I guess thats why their share prices have been dropping
Telecoms and Software News
says it all !!!RM: looking good and could get better
With £410 million of committed revenues, and without doubt more to come, BSF has turned out to be the cash cow the company expected
RM has now won 12 of the 28 BSF contracts to date (five of ten available BSF contracts - 49.5% by value during the year.)
I guess thats why their share prices have been dropping
Last edited by CyberNerd; 27th November 2008 at 11:27 AM. Reason: url!
Share prices dropping is happening everywhere due to current climate. But as whole due to fact that government putting more money into pfi and education they are in quite a strong position.
Also globally they are doing very well just increased usa market as they have brought out Computrac.
To me interesting bit of the article is
One thing about RM is that the board are very switched on which makes them successful as they see and take action long before other companies.f this logic is apparent to RM, as we head into recession, what is the competition waiting for? RM's competitive advantage rests on its deep knowledge of the market and its current dominance of the sector. There are certainly plenty of companies out there with pockets as deep if not deeper to make the long-term investment needed to enter the education market. There are also companies, including Capita, Civica, Northgate and Ramesys, that have at least some of the required educational expertise and could acquire the other parts of the knowledge portfolio.
Is it the scale of risk or their inability to assess that risk with a sufficient degree of confidence that has caused RM's competitors to adopt more modest BSF goals or to decline to enter the market? Ramesys (six wins), Northgate (three) and Civica (two), RM's closest rivals in the BSF rankings, seem pleased enough with their achievements. RM may have set its sights high but its competitors are setting their sights too low.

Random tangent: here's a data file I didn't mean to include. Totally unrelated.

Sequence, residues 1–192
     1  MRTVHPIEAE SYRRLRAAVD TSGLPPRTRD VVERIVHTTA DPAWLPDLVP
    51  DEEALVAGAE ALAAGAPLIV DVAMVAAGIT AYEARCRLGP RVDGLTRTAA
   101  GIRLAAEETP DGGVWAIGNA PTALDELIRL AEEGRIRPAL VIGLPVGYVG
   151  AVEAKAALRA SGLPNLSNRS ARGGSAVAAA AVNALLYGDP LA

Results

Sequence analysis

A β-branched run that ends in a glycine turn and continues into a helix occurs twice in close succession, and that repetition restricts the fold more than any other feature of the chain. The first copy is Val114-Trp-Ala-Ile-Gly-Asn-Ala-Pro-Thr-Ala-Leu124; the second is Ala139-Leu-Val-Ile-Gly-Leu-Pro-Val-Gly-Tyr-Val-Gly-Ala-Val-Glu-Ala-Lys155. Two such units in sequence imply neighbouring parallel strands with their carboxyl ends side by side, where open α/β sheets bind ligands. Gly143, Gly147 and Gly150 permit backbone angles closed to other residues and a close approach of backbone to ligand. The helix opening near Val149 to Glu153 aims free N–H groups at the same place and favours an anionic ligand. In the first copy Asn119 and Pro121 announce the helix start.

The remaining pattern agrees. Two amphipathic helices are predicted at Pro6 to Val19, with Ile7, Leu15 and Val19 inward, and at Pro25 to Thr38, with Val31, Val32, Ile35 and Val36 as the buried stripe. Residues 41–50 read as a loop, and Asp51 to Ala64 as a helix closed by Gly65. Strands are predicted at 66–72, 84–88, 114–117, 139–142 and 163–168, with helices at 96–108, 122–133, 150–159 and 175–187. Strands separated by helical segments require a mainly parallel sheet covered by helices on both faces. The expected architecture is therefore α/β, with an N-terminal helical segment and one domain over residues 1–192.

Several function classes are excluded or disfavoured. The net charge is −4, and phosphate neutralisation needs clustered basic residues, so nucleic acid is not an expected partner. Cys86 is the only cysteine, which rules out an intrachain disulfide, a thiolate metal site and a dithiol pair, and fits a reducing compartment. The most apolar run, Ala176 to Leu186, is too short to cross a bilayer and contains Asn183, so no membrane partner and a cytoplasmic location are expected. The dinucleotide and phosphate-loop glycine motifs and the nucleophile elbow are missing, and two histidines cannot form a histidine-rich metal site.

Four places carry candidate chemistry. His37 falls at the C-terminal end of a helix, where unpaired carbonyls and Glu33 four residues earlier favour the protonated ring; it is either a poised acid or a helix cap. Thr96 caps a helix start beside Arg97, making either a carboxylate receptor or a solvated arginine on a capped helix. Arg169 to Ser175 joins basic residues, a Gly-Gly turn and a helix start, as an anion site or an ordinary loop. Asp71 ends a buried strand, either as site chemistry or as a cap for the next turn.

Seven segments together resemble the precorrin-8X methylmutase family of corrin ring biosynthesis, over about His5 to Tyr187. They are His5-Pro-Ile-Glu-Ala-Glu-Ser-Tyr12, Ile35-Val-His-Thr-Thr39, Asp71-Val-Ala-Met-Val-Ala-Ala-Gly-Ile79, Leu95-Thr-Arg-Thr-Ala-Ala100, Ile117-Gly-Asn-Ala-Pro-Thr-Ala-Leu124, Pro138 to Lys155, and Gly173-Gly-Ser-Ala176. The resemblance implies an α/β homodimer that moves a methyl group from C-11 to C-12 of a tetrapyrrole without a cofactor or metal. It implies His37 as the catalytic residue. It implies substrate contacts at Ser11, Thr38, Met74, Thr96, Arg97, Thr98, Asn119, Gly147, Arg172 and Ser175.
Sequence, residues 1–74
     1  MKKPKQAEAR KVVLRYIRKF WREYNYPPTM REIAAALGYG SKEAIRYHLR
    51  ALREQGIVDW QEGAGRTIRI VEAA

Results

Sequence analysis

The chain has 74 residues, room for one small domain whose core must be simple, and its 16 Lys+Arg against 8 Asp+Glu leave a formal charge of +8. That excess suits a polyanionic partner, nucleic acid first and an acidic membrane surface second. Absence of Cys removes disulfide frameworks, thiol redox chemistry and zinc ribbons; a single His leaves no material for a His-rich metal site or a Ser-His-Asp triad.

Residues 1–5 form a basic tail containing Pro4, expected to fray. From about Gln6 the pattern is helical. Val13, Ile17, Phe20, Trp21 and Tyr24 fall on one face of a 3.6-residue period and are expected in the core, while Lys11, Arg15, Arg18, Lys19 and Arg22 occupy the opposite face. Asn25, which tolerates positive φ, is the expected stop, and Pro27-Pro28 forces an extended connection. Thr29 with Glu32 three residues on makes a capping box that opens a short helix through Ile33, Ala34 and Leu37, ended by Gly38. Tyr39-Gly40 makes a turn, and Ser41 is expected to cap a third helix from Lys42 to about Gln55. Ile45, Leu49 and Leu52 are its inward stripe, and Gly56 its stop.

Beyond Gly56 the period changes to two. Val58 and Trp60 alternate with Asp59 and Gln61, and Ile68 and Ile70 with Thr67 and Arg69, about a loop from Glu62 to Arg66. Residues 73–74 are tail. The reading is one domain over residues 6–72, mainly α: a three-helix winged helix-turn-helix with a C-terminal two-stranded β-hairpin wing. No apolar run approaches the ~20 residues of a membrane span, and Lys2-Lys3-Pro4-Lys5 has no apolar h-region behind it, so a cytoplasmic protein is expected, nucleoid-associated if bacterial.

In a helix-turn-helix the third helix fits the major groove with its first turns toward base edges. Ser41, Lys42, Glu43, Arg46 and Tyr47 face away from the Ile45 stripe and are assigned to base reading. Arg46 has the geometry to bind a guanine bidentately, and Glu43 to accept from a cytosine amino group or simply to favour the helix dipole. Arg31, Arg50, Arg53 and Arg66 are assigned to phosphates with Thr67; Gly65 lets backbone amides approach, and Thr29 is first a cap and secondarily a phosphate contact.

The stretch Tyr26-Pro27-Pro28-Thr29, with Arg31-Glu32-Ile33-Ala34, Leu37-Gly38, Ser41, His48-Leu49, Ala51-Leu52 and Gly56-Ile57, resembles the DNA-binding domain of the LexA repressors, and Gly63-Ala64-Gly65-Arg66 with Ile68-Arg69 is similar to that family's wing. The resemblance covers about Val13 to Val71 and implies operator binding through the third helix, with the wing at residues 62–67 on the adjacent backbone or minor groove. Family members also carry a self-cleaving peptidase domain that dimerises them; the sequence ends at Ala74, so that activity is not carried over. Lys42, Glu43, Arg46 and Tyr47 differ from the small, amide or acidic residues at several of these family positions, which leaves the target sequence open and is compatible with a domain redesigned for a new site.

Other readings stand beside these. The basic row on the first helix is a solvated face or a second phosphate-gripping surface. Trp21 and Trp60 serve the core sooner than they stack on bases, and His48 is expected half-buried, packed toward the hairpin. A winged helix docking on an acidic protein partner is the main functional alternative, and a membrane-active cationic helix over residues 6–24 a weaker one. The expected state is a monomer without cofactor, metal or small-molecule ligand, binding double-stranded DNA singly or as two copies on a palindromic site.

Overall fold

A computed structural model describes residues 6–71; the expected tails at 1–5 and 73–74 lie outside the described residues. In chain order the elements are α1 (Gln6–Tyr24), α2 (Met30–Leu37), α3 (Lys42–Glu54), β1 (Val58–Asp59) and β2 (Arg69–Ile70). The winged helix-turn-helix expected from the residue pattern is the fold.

BSF is a reality, RM is an educational company that is bound to go for these contracts, if they do a good job of winning them then they get the money associated with them...
Perhaps I am missing the point.
I guess I might be a little naive but wouldn't "RM improve the education for all using ICT" be more to sing and dance about.
Don't get me wrong I realise that they are not a charity and no profit = no company but Massive profit = Monopoly.
I'm not anti-RM I just want to keep them on their toes after all that £410 million is your and mine money and if it is good value great but if it is not then why bother with managed services... time will tell
Key here it is open market companies going for contracts are as big and even bigger is some cases as RM.
Case of RM might be doing something right but is it their fault other companies are doing something wrong.
Oh yippee I can't wait for the schools in my area to be ballsedupforthefuturegenerations...
Last edited by tech_guy; 27th November 2008 at 04:13 PM.
bossman (27th November 2008)
RM are dominant because they always make profit. They make their profit because they don't seem to take risks, or when they do the financial risk is usually backed off to the customer. When I've seen them 'take on a risk' they got burned because, despite some very good RM people being involved, they are not a nimble organisation. This failure seems to re-enforce their opinion of their standard strategy.
End of the day, they are still afloat and profitable.
We're making them work hard for our shillings, if it's not perfect, its not good enough. The experience is eye opening.
I agree RM won't take risks for risk sake they take calculated risk sometimes. Key here is they know where the strengths are focus on that. But they know what works and what dosn't think that is the key to the success.
The fact is that if not RM it would be northgate or someone like that.
Also as for the article focusing on the money consider the source. As most of details was taken from end of year financial report which of course is going to focus on the money side.